I was in the graduate school in Buffalo at that time. One Saturday there was an estate sale. I found two volumes of Charlie Chan novels. Out of curiosity I bought them. Immediately I was hooked, not just by the mystery but also the images of this very funny Chinese detective from Honolulu.

What propels you to think of writing such a biography of Chang Apana?

After I got my PhD, I taught at Harvard as an assistant professor of English. The writer of the Charlie Chan novels, Earl Derr Biggers, turned out to be a graduate of Harvard College. It was kind of accidentally I learned that behind the Charlie Chan character there was a real Chinese detective. As a scholar not just as a writer, I was deeply fascinated.

What’s the most fascinating part you have discovered during your process of writing?

I found in the 1930s, the Charlie Chan movies were very popular in Shanghai. Even Lu Xun, perhaps China’s greatest 20th century writer, would not miss a single show of the hilarious Detective Chan. The lead actor, Warner Oland, came to visit Shanghai in 1936 and he was literally mobbed by journalists and cameras in Shanghai. After he left, Chinese studios started to make their own Charlie Chan movies.

Do you think we can do away with racial stereotypes and other forms of discrimination in arts, in writings and in real life eventually?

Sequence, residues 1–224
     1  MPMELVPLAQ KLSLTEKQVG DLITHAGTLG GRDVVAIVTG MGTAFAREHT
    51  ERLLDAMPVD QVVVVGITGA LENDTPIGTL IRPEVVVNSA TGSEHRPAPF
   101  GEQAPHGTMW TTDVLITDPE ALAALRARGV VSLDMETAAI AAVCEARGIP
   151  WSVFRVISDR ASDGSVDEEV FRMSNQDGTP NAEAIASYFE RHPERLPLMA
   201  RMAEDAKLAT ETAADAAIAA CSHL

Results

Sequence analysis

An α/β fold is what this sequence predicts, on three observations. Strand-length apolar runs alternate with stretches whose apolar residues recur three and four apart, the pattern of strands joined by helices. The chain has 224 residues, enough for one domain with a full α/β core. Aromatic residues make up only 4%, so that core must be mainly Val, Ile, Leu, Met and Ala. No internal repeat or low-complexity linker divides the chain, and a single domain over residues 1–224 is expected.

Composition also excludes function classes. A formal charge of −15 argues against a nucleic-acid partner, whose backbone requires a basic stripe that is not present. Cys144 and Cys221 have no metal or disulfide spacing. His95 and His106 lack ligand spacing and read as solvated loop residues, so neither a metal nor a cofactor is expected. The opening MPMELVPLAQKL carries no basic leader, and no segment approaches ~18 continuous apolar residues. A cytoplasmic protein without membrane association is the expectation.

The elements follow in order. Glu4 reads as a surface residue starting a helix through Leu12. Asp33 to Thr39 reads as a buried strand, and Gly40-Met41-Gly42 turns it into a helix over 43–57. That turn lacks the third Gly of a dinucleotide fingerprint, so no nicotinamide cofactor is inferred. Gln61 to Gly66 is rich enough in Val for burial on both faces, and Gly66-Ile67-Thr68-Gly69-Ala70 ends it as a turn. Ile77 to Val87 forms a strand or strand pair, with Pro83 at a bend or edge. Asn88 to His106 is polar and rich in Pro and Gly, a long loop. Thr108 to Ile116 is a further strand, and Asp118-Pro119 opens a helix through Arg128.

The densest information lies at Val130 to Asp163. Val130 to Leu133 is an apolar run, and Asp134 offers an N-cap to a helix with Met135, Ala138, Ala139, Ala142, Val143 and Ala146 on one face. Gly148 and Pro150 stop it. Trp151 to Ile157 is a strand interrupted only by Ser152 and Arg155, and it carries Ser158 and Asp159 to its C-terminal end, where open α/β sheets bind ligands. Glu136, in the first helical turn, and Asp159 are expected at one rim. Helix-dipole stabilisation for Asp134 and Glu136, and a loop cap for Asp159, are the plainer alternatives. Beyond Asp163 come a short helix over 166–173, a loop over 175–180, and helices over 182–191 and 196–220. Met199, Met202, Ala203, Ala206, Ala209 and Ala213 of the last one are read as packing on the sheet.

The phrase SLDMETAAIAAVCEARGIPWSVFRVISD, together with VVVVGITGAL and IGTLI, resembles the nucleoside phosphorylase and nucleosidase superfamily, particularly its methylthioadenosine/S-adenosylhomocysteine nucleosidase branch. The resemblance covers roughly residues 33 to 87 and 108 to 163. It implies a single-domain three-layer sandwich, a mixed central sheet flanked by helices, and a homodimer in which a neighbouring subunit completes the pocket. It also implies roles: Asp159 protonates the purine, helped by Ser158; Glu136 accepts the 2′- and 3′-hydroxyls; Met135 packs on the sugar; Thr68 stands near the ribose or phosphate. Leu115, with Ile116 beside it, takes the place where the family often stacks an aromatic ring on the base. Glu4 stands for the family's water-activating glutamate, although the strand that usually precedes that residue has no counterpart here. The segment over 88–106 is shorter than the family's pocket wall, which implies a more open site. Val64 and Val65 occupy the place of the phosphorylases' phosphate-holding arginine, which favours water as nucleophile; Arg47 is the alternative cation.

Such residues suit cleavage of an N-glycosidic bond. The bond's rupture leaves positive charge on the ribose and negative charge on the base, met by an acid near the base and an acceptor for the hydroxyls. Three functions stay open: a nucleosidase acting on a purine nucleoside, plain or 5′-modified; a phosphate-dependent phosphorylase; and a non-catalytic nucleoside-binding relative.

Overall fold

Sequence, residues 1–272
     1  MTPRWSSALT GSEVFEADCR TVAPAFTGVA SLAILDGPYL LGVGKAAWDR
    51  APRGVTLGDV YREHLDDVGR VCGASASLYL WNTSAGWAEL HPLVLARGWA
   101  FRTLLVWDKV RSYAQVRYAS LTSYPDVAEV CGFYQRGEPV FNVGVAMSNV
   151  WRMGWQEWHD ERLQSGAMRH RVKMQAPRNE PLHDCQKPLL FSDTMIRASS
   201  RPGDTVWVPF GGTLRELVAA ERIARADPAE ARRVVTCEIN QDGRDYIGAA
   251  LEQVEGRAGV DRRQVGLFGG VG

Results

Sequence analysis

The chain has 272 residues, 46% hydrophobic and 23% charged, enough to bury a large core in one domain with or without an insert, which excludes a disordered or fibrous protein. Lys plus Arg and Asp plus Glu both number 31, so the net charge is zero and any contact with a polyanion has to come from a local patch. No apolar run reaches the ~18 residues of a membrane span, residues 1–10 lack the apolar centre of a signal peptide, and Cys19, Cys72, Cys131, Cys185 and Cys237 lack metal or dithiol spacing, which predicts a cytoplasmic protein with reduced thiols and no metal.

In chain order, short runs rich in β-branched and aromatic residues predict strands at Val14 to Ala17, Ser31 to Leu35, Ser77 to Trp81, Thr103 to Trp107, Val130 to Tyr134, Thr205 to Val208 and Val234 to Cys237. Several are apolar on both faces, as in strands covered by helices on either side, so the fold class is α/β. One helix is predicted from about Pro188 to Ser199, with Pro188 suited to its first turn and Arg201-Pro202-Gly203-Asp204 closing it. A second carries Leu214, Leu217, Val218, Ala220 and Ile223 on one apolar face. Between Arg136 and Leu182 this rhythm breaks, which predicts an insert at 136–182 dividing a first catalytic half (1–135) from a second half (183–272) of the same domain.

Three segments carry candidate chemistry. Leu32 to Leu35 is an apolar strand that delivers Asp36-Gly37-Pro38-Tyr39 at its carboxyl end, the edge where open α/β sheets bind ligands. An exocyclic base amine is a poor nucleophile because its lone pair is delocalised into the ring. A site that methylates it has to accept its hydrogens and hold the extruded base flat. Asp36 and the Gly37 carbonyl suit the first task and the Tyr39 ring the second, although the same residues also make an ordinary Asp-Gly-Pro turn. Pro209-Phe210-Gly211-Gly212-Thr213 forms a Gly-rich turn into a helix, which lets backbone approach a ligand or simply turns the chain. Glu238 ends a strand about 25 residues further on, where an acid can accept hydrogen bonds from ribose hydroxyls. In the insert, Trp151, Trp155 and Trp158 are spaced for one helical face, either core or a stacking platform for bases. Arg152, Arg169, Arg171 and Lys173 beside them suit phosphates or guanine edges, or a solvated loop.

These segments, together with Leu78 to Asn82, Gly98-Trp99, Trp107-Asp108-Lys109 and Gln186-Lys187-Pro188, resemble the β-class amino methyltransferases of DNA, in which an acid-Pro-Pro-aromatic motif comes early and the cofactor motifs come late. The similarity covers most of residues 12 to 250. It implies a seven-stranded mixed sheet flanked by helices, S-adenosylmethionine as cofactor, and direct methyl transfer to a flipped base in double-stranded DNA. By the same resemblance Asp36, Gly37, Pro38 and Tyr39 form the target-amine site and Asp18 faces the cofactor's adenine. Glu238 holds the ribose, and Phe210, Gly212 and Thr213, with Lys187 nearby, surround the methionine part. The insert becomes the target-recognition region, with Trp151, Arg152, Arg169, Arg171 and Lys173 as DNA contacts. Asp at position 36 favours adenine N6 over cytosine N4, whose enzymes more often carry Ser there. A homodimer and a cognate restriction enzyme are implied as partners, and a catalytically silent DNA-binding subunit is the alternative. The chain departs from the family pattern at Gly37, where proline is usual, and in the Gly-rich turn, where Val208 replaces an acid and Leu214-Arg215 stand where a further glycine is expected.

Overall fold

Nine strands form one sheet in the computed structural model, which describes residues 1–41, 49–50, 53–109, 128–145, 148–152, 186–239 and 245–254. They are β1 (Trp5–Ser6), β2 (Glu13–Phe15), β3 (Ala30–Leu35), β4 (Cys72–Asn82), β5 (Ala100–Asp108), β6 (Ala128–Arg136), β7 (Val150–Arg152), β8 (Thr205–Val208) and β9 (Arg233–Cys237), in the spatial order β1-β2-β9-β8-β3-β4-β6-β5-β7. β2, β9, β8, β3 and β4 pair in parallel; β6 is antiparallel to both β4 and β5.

We can’t do away with it, you know, completely overnight. But we can do it slowly. One of the purposes for me to write the book is to write about that part of history, to be honest with history, rather than to forget all about racial stereotypes or everything ... but to go back and to understand how racial stereotypes developed in literature and art in the United States.

As a new generation of Chinese immigrants, are you still facing the same problems Chang used to deal with in his times? Has the situation changed so far?

Not a whole lot, I would say honestly. The stories of Charlie Chan have made me see that what’s so fascinating about American culture is its racial humor, and how important this racial humor is to the development of American culture. Racial humor is of course racism oftentimes. But racial humor is the driving force of the American imagination.